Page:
"I keep hearing that my resume needs to be web friendly -- what does that mean, exactly?"
Once upon a time, getting the "edge" when it came to your resume meant investing in thick printing paper and using classy-but-conservative fonts and graphics.
Forget all of that. The game has changed.
And priority #1 is "What's your message?" Followed closely by "How effectively can you communicate it?"
"Being web friendly" is just another way to say being effective in communicating what you're about in today's age: smartphone-centric, attention-deprived. And that's the "edge" we're looking for.
Here are some easy ways to get there:
1. Get keywords right
Once upon a time, Applicant Tracking Systems (the virtual gatekeepers standing between you and an employer when you apply for a job) used a kind of technology called semantic search. Using this tech, a jobseeker may have been able to "stuff" his resume full of a certain keyword, and have that register as a positive and get his resume through to the next stage. No more. Nowadays, they use contextualization technology....which IMO is a much better option for employer and jobseeker alike. This tech is smarter, and actively evaluates your document not only for particular words, but the context in which they're used. So no more acting like a robot to fool the robots. Instead, it's telling your story in a way that repeatedly hits upon the themes (keywords) you want to make clear using multiple avenues.
Here's a structure that will help you:
- Identify the 3-5 keyword skills you want to use as the theme of your resume.
- Create a few powerful opening bullet points at the start of the resume which talks about the results you can deliver through using your keyword skills.
- Highlight successes within the "Professional Experience" section which showcase these keyword skills.
- Include any advanced training you've received that relates to the keyword skills.
2. Think minimal when it comes to design
There's a reason that brands like Apple go for a minimal design aesthetic: it reads better on the screen, and highlights the content, which is what you want. Stick with easy-to-read fonts like Arial, Georgia, and Corbel. Don't insert graphical elements like 3D boxes- ATS systems have trouble reading them. When in doubt, stick with black words against a white background.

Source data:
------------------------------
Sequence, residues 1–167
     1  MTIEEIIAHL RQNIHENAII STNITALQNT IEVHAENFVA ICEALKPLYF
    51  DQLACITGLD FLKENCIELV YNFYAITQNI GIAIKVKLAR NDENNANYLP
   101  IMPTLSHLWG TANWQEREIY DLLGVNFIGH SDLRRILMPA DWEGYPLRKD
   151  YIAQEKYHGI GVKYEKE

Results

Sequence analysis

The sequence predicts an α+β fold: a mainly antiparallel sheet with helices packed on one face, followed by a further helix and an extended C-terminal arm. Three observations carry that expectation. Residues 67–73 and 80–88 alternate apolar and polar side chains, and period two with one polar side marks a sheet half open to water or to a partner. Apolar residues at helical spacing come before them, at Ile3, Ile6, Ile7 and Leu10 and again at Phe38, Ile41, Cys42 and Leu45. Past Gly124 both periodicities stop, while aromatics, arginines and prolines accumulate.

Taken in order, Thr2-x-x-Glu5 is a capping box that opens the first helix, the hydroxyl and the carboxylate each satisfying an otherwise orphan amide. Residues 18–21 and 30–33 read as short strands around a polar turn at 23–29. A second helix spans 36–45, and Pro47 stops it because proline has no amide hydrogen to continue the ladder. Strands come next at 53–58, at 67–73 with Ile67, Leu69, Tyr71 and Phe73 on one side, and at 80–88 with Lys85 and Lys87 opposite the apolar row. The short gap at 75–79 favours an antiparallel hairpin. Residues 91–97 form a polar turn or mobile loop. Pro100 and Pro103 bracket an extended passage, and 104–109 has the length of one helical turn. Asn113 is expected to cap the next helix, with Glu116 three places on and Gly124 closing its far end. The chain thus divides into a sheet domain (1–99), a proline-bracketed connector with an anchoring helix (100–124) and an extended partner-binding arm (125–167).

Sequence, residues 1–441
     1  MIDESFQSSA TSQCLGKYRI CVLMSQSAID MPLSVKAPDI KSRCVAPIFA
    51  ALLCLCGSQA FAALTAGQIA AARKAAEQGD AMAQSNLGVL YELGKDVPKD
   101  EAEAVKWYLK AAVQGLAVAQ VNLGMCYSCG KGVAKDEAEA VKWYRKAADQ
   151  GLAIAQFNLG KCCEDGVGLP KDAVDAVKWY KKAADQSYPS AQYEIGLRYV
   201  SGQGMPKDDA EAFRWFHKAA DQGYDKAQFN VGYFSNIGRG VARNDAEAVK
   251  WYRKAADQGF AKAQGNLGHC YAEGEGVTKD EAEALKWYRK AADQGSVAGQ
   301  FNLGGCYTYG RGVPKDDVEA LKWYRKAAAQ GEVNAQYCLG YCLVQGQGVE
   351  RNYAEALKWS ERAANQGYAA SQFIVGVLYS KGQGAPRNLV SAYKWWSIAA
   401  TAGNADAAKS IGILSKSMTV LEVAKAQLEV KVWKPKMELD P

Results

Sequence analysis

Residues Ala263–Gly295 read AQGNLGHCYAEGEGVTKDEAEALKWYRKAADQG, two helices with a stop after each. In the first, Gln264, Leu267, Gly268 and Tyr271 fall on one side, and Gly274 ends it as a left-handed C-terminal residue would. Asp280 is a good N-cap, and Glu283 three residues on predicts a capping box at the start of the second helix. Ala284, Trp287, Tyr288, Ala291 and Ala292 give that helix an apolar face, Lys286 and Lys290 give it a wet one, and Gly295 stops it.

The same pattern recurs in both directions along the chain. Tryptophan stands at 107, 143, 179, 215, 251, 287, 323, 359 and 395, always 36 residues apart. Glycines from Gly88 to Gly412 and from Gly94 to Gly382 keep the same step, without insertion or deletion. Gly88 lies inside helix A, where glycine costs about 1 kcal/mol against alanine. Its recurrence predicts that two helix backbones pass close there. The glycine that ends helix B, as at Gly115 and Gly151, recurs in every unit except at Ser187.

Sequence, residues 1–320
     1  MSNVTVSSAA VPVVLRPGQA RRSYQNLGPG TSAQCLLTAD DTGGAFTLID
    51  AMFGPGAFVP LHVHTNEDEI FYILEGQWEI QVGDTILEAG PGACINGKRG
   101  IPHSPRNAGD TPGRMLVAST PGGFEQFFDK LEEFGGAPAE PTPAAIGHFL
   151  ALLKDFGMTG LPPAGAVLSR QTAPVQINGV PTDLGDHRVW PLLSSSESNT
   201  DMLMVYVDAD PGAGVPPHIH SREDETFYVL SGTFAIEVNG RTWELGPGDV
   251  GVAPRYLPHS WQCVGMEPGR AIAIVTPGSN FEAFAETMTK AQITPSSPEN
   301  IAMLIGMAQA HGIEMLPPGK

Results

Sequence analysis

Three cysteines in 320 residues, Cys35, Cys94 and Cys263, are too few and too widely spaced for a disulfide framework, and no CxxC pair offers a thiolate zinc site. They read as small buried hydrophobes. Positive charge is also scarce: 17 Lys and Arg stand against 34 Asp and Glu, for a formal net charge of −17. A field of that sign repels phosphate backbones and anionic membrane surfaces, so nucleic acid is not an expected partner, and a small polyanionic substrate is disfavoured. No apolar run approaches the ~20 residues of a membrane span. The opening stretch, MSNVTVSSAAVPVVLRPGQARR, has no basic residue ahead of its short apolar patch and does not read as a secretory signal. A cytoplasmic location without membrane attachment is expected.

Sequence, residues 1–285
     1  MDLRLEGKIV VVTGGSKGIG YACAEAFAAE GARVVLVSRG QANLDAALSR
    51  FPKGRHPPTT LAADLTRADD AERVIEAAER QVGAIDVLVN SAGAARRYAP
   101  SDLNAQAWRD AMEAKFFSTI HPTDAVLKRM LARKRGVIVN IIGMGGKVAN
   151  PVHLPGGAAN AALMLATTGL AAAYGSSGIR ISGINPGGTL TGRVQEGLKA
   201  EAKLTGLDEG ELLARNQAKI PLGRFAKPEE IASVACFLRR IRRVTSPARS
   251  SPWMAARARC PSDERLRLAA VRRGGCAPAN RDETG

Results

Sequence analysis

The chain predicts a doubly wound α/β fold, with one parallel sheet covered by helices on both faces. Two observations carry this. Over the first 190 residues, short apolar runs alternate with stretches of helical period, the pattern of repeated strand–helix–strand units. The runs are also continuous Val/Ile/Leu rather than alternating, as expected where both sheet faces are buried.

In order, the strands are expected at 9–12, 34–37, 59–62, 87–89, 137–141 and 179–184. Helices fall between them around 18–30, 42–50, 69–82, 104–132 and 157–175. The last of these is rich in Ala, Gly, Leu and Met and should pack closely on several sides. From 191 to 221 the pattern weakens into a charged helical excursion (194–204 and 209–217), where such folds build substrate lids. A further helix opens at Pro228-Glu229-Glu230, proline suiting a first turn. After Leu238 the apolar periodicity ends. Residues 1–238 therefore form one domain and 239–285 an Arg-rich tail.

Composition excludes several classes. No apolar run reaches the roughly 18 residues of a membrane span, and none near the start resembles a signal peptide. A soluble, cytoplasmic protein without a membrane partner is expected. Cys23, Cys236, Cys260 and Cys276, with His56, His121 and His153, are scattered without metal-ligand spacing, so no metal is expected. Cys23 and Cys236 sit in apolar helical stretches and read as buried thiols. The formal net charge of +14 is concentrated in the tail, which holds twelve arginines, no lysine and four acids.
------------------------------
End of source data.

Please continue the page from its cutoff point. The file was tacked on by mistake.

3. Use a well-accepted structure
Going creative with the structure of a resume can really backfire. Some of the people you need to impress will make a snap decision within the first few seconds- trying to figure out where the dates of your last job are, or where exactly you've tucked away your contact information is a shortcut to getting passed over.
Here's a structure that works:
- Name and Contact Info
- Boldfaced Title (ex. Senior Director of Marketing and Branding, or Leader in Biotech/Pharma Drug Development)
- Opening Bullet Points
- Keyword Section
- Professional Experience
- Education and other Closing Sections
4. Use the right format
PDF is your best bet when sending the resume most of the time. It's secure and it looks great across print and digital. The big exception here is if you're applying to a job online, and you need to copy and paste your information (a delightful task, I know). In this situation, you'll want to create an ASCII Plain Text version. This is a format which has been "stripped" of all extraneous symbols that can trip up software. Copy-and-paste your resume content within a notepad application (you probably have one on your computer), manually remove any bullet points, and "Save As" an ASCII file.
5. Remember that it's still all about the human connection
Don't write to a piece of software or try to fool people through mimicking a job posting. Communicate your core, that powerful, unchanging person who can contribute in an amazing way. Genuine passion is unmistakable, always impressive, and forgives many errors.
This article originally appeared on Glassdoor.com.
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